Midlothian Greens braving the icy chills of April
Midlothian Greens braving the icy chills of April

In Penicuik an icy wind was raging which meant our street stall didn’t last very long. After some very cold leafletting and conversations around the market, I got the chance to get a guided tour, out of the wind, of a fantastic new project which could transform Penicuik.

The Storehouse is a huge building on one of the main streets in the town.

Me and Rodger in the Storehouse envisaging what comes next
Me and Rodger in the Storehouse envisaging what comes next

Having been the old Coop building, a pound shop and various other things over the years, the community has now raised enough money to rent it and is slowly transforming it into a bakery, cafe, shop and workshop.

Rodger showed us around and told us about the vision for local produce being promoted, sold, baked and enjoyed in the space. If you can spare a few pennies to help them complete the project, please chuck them in this direction.

Debbie Zawinski from Haddington Spinners and Weavers demonstrating a bit of spinning. She wrote a fab book on the sheep of Scotland and the socks that come from them!
Debbie Zawinski from Haddington Spinners and Weavers demonstrating a bit of spinning. She wrote a fab book on the sheep of Scotland and the socks that come from them!

On Saturday I went down the coast to St Abbs for the annual wool festival which brings together spinners, weavers and knitters from all across Scotland and the north of England.

I met a brilliant woman from Haddington Spinners who’s written a book about her travels round Scotland getting wool from all our native breeds and making socks. I love the idea of creating whilst travelling, particularly when it involves a skill that so few people have nowadays.

Frustratingly I only managed an hour at the wool festival before my body decided it had had enough. A weekend of stomach cramps and a wooly brain followed.

At the NFUS hustings in St Boswells (this is my listening attentively face!)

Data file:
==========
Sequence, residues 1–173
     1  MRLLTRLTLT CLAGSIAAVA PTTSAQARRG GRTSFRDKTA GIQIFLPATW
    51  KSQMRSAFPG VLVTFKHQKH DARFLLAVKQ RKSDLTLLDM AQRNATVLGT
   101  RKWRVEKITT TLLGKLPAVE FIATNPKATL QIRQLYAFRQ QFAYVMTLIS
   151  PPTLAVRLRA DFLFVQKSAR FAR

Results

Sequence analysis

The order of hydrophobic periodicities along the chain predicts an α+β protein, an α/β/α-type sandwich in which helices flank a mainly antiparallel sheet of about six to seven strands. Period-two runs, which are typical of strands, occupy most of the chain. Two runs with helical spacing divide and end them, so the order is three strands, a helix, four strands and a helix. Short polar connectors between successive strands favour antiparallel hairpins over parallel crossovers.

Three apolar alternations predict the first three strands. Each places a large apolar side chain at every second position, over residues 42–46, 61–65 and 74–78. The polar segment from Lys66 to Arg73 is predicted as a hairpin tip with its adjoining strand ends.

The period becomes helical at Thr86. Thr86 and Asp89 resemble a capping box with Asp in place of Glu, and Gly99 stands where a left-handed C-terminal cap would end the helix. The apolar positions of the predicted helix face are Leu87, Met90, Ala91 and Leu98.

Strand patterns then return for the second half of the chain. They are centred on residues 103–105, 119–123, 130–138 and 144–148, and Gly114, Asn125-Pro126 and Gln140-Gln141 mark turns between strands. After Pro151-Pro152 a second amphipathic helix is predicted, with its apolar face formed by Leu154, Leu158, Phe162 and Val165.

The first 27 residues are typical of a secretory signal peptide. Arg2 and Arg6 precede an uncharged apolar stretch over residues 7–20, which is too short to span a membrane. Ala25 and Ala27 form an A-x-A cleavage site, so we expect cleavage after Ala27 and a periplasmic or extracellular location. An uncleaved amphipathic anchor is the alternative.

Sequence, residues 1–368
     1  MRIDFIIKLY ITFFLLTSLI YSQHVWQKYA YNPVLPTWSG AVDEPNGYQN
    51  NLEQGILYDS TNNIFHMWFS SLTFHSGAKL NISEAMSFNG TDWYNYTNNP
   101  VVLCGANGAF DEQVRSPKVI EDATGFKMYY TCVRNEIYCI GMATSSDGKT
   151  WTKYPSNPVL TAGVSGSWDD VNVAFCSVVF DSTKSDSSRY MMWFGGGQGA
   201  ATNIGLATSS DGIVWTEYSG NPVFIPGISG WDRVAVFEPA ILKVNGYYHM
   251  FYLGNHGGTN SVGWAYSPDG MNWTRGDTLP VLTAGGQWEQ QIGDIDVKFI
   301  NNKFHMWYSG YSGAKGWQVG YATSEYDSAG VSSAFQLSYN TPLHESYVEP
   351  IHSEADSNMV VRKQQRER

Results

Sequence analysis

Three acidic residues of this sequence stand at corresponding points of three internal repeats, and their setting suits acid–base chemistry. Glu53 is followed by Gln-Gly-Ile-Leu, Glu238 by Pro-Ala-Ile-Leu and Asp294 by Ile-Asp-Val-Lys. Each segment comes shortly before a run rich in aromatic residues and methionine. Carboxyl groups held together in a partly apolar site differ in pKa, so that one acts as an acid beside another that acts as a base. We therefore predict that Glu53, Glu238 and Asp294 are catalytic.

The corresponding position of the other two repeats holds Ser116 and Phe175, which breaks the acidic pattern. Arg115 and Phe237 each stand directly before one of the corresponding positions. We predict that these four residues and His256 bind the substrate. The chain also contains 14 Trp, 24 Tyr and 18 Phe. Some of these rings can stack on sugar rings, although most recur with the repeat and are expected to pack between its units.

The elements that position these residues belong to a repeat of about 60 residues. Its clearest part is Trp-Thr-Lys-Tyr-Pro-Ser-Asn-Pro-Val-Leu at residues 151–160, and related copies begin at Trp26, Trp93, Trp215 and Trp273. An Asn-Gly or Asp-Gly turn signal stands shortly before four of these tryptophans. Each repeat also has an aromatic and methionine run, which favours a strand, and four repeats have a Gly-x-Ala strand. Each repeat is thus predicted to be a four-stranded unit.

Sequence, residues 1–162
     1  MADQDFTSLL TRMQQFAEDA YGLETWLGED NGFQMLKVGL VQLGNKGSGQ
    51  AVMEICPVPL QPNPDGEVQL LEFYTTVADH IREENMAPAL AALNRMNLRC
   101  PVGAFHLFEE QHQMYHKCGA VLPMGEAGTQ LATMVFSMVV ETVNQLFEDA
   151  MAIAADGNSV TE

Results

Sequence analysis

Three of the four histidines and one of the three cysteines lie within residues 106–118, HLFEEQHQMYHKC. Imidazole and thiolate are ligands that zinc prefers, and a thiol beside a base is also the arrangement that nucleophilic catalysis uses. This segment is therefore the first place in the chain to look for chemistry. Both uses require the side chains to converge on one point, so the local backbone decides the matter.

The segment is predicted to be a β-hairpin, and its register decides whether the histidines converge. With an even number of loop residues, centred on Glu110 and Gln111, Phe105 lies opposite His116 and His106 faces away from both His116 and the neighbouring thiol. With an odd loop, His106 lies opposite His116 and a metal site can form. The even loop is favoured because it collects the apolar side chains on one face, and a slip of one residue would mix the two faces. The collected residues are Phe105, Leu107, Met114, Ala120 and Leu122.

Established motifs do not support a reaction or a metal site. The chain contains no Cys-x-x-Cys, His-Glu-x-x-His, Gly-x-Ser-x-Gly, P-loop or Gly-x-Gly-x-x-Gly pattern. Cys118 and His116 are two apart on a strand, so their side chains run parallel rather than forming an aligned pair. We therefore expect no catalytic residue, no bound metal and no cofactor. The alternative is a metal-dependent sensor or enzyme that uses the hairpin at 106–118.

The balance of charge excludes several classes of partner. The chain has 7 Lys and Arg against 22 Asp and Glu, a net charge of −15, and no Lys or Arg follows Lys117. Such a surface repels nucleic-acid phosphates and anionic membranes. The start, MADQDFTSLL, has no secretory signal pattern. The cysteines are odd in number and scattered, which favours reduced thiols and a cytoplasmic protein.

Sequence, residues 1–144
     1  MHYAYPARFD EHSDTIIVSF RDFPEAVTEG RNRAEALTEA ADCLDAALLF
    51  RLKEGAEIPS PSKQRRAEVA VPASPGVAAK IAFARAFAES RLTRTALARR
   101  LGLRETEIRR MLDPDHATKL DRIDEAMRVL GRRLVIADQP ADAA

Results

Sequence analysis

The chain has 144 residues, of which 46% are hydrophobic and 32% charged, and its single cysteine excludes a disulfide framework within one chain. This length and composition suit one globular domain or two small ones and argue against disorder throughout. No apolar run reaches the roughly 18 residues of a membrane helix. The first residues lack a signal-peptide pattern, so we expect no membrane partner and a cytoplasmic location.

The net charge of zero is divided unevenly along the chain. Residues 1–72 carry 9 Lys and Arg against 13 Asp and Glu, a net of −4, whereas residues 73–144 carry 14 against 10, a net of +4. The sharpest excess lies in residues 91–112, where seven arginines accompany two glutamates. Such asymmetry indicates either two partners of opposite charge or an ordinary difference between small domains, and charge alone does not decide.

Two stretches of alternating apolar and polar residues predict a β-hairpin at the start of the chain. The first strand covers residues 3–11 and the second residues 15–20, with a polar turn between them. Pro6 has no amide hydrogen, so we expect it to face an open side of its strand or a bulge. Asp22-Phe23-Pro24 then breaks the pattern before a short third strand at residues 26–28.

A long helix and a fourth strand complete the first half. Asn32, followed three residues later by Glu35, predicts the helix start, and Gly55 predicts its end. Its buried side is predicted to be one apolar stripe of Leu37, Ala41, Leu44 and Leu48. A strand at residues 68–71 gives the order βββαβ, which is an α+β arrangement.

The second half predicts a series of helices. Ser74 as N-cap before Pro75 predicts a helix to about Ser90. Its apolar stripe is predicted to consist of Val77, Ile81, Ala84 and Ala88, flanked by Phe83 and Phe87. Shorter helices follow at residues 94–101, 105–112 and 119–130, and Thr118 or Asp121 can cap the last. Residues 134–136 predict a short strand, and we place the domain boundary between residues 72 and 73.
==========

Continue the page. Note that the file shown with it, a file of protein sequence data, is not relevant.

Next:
At the NFUS hustings in St Boswells (this is my listening attentively face!)

By Monday I felt much brighter and ventured down to the Borders through Duns and Kelso for an afternoon and evening focused on farming. I visited Born in the Borders – a brewery, restaurant and shop selling produce from the south of Scotland and north of England – and met with their manager Nicola.

In the evening I was in St Boswells for a hustings with the NFU Scotland. I’ll write more about both farming events in another blog, but the bottom line is that farming is in crisis and we desperately need to address it as a country. If we don’t, we won’t have much of a country left.

Campaigning for better buses with Patrick and gang
Campaigning for better buses with Patrick and gang

Tuesday was all about the buses, doing a wee photo call and interview with Patrick Harvie, followed by a day of admin in Edinburgh and a visit to the brilliant student occupiers in Edinburgh University who are trying to get the uni to divest from all fossil fuels. The day ended with the launch of our new crowdfunder. Please chip in what you can and help make this wild journey worth it!

With Andy Wightman and Patrick Harvie supporting the brilliant P&P campaigners calling on Edinburgh University to #divesttherested
With Andy Wightman and Patrick Harvie supporting the brilliant P&P campaigners calling on Edinburgh University to #divesttherested

Coming up this week; transport things in Dumfries, an action day in East Lothian, our manifesto launch and a week of hustings! Until next time…

Campaign Diary – Week 12

  • Best bits: Hearing local people talk with huge enthusiasm about their local community and its future, whether in Stranraer, Wigtown or Gatehouse of Fleet; and camping under the stars in the shadow of Orchardton Tower with my partner.
  • Worst bit: Struggling to find the time to write my campaign diary!